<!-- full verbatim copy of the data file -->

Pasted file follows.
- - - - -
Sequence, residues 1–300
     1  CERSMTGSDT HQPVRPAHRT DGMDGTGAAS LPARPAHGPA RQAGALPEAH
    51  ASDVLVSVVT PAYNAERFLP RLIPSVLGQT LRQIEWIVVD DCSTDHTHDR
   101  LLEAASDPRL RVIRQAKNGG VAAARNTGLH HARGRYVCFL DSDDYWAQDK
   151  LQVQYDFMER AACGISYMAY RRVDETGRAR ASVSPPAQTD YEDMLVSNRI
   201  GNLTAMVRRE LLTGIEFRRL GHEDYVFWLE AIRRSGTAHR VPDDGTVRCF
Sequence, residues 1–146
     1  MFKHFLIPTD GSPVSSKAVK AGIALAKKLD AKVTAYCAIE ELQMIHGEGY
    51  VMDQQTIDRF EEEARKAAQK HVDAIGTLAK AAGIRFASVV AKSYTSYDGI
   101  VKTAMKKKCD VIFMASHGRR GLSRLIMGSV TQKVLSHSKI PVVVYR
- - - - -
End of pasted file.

Sequence, residues 1–300
     1  CERSMTGSDT HQPVRPAHRT DGMDGTGAAS LPARPAHGPA RQAGALPEAH
    51  ASDVLVSVVT PAYNAERFLP RLIPSVLGQT LRQIEWIVVD DCSTDHTHDR
   101  LLEAASDPRL RVIRQAKNGG VAAARNTGLH HARGRYVCFL DSDDYWAQDK
   151  LQVQYDFMER AACGISYMAY RRVDETGRAR ASVSPPAQTD YEDMLVSNRI
   201  GNLTAMVRRE LLTGIEFRRL GHEDYVFWLE AIRRSGTAHR VPDDGTVRCF
Sequence, residues 1–146
     1  MFKHFLIPTD GSPVSSKAVK AGIALAKKLD AKVTAYCAIE ELQMIHGEGY
    51  VMDQQTIDRF EEEARKAAQK HVDAIGTLAK AAGIRFASVV AKSYTSYDGI
   101  VKTAMKKKCD VIFMASHGRR GLSRLIMGSV TQKVLSHSKI PVVVYR